First, let’s look at a competitor’s game, Call of Duty; Black Ops 4, also on Ultra settings. Since it is DX11 and doesn’t have DXR available, you will notice that there are no reflections in the water from the explosions, although there are baked-in reflections of the wall and vegetation which do not change.
In contrast, check out the reflections from the flames and from the surroundings in the water in Battlefield V below.
Everything is accurately ray traced and reflected by the water even accounting for the ripples on its surface. And if you change your angle and pull back as we did using Ansel, the DXR reflections continue to be accurately ray traced by Turing’s RTX cores as you move around the scene. We look forward to the day when these ray traced reflections will become mainstream and will be taken for granted by gamers. At this point, only GeForce gamers who play with a RTX 2080 Ti, a RTX 2080, or a RTX 2070 will be able to enjoy ray traced DXR reflections. Mario played multiplayer with a RTX 2070, and this editor played the War Stories with a RTX 2080 and also with a RTX 2080 Ti.
Here is the another scene following a sequence of exploding barrels. In the first scene we see the barrels begin to explode, and we can see their reflections in the puddles of water on the muddy ground.
DXR isn’t perfect, but it looks great and it is a huge step over the “baked-in” solutions that game developers have been using for many years.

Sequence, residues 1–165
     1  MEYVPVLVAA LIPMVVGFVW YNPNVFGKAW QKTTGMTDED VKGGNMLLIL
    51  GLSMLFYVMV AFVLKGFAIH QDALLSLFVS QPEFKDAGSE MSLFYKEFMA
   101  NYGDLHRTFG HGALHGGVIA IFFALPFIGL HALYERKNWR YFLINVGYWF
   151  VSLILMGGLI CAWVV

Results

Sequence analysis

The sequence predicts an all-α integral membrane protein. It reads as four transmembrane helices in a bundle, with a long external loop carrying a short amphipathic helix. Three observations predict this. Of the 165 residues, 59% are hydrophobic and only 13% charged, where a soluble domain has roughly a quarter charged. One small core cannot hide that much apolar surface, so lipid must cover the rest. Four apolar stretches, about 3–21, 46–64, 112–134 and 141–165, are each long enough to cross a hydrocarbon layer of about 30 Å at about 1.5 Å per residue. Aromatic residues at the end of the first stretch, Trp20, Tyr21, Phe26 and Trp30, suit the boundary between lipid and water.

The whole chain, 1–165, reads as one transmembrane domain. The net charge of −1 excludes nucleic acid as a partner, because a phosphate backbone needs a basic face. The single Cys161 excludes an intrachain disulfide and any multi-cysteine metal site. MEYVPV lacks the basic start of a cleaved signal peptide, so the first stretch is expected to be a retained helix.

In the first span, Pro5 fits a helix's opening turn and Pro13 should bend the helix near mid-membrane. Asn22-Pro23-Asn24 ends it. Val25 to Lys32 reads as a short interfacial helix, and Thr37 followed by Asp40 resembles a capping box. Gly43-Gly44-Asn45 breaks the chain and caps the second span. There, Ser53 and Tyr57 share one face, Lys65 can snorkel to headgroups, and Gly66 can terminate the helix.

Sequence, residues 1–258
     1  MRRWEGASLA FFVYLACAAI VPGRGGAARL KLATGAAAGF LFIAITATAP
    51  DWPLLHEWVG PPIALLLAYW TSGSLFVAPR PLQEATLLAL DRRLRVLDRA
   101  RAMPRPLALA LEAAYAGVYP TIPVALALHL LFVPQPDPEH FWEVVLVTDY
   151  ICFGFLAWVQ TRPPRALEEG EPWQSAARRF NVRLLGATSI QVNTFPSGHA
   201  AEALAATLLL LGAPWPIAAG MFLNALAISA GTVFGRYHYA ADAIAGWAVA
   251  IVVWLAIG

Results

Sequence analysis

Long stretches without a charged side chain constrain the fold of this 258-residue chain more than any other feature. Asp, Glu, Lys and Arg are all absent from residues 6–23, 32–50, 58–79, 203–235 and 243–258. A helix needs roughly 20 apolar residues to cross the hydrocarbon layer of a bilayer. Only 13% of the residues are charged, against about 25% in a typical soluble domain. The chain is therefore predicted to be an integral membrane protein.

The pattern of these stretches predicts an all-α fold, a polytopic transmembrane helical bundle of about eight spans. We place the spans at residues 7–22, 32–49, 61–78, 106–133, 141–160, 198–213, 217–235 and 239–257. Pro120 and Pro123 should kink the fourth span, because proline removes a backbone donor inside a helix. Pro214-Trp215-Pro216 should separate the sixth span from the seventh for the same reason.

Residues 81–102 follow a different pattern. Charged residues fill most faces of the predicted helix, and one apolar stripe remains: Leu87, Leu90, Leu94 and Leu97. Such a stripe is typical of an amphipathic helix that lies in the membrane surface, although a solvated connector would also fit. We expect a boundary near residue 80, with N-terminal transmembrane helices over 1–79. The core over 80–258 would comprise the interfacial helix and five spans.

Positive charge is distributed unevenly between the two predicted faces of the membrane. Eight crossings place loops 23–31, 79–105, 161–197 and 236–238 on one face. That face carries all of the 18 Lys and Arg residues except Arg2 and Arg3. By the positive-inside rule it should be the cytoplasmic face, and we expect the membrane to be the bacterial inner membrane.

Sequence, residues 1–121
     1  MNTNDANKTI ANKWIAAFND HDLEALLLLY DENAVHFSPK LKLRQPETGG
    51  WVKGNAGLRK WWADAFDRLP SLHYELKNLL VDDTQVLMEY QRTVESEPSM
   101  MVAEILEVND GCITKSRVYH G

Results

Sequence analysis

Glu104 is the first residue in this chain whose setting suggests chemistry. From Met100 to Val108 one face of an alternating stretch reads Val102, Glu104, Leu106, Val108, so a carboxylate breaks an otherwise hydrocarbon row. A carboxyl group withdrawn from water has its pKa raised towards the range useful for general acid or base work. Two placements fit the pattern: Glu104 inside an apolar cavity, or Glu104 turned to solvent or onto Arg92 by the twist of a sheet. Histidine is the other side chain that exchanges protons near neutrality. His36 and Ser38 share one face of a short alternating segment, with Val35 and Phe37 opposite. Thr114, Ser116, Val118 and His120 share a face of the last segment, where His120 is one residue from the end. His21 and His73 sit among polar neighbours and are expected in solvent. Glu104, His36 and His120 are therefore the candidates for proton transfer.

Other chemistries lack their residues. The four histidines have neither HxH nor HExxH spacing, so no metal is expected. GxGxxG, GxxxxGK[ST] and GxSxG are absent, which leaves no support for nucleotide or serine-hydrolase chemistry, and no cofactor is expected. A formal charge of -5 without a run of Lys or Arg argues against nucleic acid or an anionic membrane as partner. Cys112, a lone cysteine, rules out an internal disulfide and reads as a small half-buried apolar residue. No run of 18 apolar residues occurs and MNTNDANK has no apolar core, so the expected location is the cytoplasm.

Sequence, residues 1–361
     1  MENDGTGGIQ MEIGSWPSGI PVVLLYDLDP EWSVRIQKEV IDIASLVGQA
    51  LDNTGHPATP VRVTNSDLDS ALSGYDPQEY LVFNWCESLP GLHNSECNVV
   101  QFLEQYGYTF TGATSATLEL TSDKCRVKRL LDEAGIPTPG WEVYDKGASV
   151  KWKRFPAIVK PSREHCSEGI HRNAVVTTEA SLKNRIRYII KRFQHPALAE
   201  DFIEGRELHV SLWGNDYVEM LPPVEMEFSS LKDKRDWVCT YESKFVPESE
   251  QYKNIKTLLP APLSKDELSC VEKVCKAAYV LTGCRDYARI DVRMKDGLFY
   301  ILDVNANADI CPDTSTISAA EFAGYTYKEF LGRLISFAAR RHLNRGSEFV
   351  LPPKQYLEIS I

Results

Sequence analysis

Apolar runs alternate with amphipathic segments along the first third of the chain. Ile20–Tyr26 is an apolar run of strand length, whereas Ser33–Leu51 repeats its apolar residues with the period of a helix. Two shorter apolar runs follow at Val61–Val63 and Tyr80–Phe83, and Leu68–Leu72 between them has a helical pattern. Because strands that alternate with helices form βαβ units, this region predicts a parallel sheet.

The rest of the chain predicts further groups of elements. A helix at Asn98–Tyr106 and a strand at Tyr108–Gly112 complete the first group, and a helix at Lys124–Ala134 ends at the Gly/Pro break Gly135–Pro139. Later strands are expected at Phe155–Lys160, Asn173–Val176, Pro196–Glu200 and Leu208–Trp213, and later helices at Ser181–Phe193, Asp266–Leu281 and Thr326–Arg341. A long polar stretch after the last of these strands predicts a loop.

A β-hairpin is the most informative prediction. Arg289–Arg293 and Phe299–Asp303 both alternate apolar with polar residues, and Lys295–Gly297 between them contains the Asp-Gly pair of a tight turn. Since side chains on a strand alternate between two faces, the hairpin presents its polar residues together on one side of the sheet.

We applaud what DICE and NVIDIA have done, and we look forward to Battlefield V’s future patches that will improve DXR reflections. However, unfortunately, there is a major issue of performance.
Let’s check out Mario’s experiences with Battlefield V Multiplayer first.
Battlefield V multiplayer
I wanted to take some time to play the game thoroughly and review it properly as this is an important release for DICE and for EA. Battlefield V’s maps are stunning, the gunplay is skillful and refined, movement feels fluid, and the squad play is really good. However, DICE missed an opportunity to capture the entire picture of the war and it signals what the rest of the title feels like. At launch, there are enough innovations and promising features in Battlefield V to excite new players and Battlefield veterans alike. The 64-player grand operations and other modes feel incredible, but they also felt incredibly rushed. Here is a game that started off quite fun and it ends quite abruptly with a game crashing bug for no apparent reason:
The Battlefield franchise has been able to consistently capture the feeling of being in the middle of a large war, and the grand scale of it all impresses players with fun and great gameplay. The same can be said about Battlefield V – it is just beautiful to be apart of.
For example, I was running through a muddy field towards heavy enemy fire, and to my left, our allies are fighting for control of a bridge while suffering mass casualties. A squad mate and I saw a house and decided to vault through its window. We quickly dispatched two enemy soldiers and started to capture the point. Our enemies kept flooding in and they eventually get the best of us when a Junkers Ju-88 dropped a payload of bombs on our location, and the entire roof crumbled at our feet. We respawned and returned to battle over and over again.
This above is an example of the type of experience that only Battlefield can bring, and what makes this review so hard to do is when Battlefield V had arguably one of the worst marketing campaigns in recent history. Many players will ignore this game, but they should not.